Magical Chase

Magical Chase (マジカルチェイス) - TurboGrafx-16, Windows, Game Boy Color (1991)

When it comes to quality shooters, the PC Engine is an embarrassment of riches. However, many of them feature similar sci-fi, outer space theme, so some of them do tend to blend together. There are a numbers of outliers, like the aquatic Deep Blue, the Air Zonk games, CoryoonStar Parodier, and Konami’s Parodius and TwinBee. Out of all of these, the most well-known is probably Quest’s Magical Chase, a cute-em-up featuring a flying witch. Its notoriety stems almost entirely from its exorbitant aftermarket price, but it’s a pretty solid game in its own right too.

The heroine is Ripple, an apprentice witch, who is tasked with tracking down six demons she accidentally released. She’s accompanied by two “star maidens”, which act as options and have their own firepower. You can control their positioning and firing direction using the I button. Because they absorb certain low-level bullets, they can also be used as a method of defense. Ripple technically only has a single life, but she also has an expansive life bar, as well as backup hearts, which are activated by double-tapping the fire button and refill your health. Dying will send you back to the beginning of the stage, regardless of whether you have any backup hearts left.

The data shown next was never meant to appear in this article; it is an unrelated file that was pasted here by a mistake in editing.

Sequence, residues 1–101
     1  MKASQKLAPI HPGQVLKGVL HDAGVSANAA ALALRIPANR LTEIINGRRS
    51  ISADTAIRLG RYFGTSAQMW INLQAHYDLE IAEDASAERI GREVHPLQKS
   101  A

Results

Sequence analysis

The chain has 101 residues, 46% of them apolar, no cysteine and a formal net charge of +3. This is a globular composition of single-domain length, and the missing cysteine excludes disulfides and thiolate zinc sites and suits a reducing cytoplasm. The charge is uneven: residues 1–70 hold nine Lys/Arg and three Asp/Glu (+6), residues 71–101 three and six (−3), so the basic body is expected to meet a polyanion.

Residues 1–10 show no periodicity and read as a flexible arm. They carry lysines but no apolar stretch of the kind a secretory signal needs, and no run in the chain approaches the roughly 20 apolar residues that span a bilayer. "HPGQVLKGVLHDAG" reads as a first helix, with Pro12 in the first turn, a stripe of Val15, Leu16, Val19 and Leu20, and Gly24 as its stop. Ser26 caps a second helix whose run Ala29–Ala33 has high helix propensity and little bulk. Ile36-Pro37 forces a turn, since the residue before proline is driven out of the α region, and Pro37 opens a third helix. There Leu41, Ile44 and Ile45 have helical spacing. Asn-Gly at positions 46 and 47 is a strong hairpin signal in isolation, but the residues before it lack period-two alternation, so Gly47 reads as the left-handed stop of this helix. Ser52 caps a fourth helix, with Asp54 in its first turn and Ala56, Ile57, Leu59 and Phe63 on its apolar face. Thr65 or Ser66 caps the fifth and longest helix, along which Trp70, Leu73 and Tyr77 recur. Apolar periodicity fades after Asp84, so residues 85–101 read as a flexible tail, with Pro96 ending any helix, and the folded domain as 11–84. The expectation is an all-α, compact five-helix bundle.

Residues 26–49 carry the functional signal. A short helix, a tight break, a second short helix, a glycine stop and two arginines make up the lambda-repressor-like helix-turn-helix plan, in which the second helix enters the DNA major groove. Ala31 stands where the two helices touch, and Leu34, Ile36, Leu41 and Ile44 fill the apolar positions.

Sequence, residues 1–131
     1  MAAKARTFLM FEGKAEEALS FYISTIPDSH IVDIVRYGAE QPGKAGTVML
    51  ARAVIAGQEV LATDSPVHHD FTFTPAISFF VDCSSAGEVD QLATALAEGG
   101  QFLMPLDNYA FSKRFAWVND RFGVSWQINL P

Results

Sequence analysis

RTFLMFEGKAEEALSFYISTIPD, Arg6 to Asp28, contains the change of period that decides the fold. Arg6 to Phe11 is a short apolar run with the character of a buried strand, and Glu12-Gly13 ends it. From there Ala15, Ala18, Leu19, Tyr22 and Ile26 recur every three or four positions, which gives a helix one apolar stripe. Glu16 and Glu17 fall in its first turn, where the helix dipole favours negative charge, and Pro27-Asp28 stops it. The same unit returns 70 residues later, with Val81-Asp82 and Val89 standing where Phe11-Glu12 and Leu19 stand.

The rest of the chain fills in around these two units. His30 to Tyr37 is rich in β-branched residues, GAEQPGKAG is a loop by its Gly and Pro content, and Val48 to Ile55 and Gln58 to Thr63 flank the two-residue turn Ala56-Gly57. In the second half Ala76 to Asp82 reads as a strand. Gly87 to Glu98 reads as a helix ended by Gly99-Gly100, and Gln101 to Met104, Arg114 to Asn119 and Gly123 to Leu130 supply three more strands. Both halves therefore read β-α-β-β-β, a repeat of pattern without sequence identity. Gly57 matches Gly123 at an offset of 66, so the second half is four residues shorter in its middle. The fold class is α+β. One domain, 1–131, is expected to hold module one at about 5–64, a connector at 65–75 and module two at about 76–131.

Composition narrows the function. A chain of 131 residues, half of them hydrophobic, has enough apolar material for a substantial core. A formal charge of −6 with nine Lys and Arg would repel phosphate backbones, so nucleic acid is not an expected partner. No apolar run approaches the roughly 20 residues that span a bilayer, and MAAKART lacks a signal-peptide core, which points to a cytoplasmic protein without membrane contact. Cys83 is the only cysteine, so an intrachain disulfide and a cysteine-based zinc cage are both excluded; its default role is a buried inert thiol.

Ripple can equip herself with nine different weapons, including the rapid fire “Balkan” (a cutesy rendition of “Vulcan”), 3-Way, wave beams, homing attacks, and the super powerful x4. The stars can only be equipped with two other types of weapons ・the Cracker Ball and Cyclone. Destroyed enemies will drop crystals, which can be used at the shops, which are staffed by the same pumpkin head guy. These typically appear once or twice throughout each stage. You can also purchase health restoratives, or other items to extend the length of your health meter.